Market pulse: The approaching market crash

David Vomund

Did my headline get your attention?  Good.  That was my goal.  Financial articles often have scary titles because bad news sells.  Few would read an article titled, “Stocks will have an average year,” but it would be more accurate than the scary predictions.   

Just last week I saw the headline, “A day of reckoning for energy company profits.”   The article talked about how Shell and TotalEnergies’ made $5 billion each from April through June, which was down sharply from a year ago.  But $5 billion of profits in three months hardly sounds like a day of reckoning.  In fact, that is more than their average quarterly profit from 2013 to 2020.   

Then there are headlines on financial websites.  Here are some: “Faber: Can’t see another bull market in my lifetime” 1/27/16.  “Economist Harry Dent predicts ‘once in a lifetime’ market crash, says Dow could plunge 17,000 points” 12/10/16.   “Prepare for a ‘long and ugly’ recession, says Dr. Doom, the economist who predicted the 2008 crash.” 9/21/22.  That crash didn’t arrive but his predictions continued: “Wall Street could be just 2 weeks away from a giant market crash, says ‘Dr. Doom,’ who predicted the 2008 crash.” 5/24/23.  And there is this headline from last week: “A long-time market bear who called the 2000 and 2008 crashes warns the S&P 500 could plummet 64%, bursting a historic bubble.”  7/25/23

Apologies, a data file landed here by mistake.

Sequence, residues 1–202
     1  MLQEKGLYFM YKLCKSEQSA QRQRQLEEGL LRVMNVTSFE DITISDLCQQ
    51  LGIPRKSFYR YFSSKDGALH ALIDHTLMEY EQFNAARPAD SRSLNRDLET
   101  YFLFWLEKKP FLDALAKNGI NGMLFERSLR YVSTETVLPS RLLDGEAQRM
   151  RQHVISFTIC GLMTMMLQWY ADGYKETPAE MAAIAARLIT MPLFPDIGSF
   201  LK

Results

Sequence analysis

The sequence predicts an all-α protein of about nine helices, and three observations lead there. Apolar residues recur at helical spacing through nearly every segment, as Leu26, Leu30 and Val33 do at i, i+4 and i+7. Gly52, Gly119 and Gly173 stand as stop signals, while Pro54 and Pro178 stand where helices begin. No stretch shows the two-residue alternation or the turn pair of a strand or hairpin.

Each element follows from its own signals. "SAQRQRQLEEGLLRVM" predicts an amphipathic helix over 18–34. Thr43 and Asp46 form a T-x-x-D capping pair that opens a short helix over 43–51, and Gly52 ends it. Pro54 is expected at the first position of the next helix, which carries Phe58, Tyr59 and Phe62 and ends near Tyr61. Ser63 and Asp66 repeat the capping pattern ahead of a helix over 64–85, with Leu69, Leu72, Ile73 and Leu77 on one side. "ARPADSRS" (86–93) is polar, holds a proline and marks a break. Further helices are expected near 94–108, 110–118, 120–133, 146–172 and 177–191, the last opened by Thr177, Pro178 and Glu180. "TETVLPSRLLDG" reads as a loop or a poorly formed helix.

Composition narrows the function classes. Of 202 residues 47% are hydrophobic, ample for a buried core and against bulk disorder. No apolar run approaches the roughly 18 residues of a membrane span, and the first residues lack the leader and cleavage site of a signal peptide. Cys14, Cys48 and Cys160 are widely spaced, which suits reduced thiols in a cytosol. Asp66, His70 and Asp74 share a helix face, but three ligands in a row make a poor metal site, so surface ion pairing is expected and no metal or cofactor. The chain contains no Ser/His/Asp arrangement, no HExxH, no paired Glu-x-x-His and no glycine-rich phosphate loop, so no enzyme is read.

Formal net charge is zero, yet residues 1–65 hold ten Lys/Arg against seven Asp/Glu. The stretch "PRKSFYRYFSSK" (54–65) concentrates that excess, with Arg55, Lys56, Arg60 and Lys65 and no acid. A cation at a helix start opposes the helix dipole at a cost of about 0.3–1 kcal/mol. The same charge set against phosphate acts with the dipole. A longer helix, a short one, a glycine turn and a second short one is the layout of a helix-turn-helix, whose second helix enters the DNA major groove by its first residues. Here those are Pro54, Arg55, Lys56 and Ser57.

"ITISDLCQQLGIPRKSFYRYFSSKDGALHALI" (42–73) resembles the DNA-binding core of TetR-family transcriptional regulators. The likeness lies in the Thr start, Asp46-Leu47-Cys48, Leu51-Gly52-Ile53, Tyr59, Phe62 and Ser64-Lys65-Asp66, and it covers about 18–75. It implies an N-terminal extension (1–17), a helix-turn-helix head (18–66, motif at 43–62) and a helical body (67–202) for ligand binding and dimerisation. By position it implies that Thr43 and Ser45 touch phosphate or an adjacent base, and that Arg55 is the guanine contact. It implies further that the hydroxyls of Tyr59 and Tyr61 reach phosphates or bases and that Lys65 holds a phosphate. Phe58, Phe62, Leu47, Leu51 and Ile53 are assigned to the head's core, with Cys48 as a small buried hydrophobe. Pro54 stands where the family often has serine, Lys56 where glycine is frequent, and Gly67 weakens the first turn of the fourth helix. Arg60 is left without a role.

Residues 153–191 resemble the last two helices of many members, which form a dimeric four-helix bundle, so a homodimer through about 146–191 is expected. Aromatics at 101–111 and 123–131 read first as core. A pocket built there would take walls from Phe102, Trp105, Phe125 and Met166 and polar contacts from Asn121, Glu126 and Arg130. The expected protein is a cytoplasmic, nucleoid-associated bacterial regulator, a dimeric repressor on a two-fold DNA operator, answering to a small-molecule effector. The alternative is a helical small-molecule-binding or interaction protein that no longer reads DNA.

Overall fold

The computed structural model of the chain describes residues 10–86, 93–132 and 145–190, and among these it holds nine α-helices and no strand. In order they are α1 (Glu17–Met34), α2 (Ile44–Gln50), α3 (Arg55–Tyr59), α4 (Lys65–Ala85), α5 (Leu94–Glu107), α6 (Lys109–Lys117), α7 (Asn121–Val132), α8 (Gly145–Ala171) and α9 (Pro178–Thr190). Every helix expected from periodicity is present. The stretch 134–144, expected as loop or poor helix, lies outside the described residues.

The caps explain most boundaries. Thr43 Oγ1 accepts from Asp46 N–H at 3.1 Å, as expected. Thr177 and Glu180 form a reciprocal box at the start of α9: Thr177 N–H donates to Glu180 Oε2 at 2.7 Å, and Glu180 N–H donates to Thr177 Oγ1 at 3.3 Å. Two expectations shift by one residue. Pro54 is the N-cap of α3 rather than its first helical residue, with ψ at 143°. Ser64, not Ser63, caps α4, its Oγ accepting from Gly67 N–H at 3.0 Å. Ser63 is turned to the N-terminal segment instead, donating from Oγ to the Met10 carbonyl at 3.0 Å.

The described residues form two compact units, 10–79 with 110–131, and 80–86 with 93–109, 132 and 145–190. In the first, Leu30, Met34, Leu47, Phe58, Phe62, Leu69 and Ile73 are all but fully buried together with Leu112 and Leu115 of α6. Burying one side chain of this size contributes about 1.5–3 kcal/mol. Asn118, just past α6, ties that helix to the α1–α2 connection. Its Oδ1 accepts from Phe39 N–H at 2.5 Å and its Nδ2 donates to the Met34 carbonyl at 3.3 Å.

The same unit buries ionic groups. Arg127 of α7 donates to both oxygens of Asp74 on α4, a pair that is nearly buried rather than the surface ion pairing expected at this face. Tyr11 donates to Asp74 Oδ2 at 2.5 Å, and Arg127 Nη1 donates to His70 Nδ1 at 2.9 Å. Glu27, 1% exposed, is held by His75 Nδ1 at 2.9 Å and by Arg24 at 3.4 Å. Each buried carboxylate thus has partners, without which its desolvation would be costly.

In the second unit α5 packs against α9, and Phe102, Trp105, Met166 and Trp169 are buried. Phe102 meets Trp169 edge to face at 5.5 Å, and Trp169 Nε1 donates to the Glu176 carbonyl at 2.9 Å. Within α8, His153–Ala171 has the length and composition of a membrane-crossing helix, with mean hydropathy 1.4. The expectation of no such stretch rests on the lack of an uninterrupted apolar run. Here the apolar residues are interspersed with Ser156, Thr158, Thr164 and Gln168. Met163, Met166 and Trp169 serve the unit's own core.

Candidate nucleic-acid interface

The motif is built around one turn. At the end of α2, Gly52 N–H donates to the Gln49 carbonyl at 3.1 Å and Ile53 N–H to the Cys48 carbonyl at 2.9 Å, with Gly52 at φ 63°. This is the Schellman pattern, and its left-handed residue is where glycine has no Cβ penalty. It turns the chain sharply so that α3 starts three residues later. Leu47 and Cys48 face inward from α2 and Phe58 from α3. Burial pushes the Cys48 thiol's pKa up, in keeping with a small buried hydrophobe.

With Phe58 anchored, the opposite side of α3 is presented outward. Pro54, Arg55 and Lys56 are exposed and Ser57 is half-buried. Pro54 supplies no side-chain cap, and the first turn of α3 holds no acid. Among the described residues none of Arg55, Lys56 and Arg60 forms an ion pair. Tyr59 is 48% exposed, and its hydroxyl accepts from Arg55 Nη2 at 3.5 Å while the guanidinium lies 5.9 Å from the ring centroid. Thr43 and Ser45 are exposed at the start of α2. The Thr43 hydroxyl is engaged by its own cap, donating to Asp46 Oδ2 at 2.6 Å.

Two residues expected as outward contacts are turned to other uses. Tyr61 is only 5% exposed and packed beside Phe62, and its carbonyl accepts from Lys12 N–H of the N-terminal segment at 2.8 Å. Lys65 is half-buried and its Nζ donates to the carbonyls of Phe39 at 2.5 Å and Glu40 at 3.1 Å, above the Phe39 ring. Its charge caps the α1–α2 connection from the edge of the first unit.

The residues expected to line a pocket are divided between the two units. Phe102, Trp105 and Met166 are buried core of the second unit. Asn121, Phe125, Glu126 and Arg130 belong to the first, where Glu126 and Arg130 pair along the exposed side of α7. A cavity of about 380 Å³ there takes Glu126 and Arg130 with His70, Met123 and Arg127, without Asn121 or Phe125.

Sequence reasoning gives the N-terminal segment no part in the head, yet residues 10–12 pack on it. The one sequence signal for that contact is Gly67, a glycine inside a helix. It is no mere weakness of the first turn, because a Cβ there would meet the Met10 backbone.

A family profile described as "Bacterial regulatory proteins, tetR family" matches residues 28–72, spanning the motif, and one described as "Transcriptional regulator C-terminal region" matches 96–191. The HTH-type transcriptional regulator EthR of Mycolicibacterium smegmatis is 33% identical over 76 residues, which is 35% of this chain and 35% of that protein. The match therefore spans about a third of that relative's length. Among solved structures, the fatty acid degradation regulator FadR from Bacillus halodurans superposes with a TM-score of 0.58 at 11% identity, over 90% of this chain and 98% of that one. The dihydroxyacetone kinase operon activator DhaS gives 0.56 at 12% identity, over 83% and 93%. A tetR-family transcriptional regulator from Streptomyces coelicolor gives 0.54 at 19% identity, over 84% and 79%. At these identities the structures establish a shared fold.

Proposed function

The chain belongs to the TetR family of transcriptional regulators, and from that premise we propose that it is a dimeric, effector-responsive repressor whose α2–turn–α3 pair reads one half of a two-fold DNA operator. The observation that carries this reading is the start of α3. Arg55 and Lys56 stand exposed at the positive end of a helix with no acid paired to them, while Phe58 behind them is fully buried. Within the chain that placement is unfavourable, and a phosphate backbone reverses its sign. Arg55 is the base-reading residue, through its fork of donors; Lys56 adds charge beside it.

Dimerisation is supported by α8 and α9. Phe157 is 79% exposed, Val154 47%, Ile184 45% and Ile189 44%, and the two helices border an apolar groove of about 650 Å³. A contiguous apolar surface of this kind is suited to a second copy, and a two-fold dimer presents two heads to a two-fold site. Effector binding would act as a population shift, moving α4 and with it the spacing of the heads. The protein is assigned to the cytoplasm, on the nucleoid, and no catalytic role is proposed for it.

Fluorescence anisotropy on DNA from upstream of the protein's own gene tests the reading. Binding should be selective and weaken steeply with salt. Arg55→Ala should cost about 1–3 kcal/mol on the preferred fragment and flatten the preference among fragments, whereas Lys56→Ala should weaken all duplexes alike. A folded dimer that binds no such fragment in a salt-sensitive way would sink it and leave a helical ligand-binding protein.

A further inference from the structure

Are these headlines unnerving?  Yes.  Effective?  Yes.  Helpful?  No.   

And then there are scary names like the “Death Cross” chart pattern.  That occurs when an index’s 50-day moving average crosses below its 200-day moving average.  But results aren’t nearly as scary as the name implies.  Since 1950 the S&P 500 Index has been virtually unchanged in the month following the appearance of a Death Cross pattern. 

The financial news shows give helpful information, but most comments and opinions from strategists and analysts merely reflect and extend into the future what has already happened.  The past year provides a good example.  At the end of last year and into early 2023 the pros were overwhelmingly bearish.  I wrote about that in several articles.  But stocks rose and rose.  Now the S&P is up 20 percent year-to-date.  Most strategists and analysts are now turning bullish.  NOW?  Not helpful. 

Beware the scary headlines, especially from those who are always bearish (called perma bears).  Their goal is to get you to read an article and maybe pass it along to others who are unaware of the uniformly dismal track record.  The headlines may be good for the financial media’s marketing, but not for you. 

David Vomund is an Incline Village-based Independent Investment Advisor.  Information is found at or by calling 775-832-8555.  Clients hold the positions mentioned in this article.  Past performance does not guarantee future results.  Consult your financial advisor before purchasing any security. 

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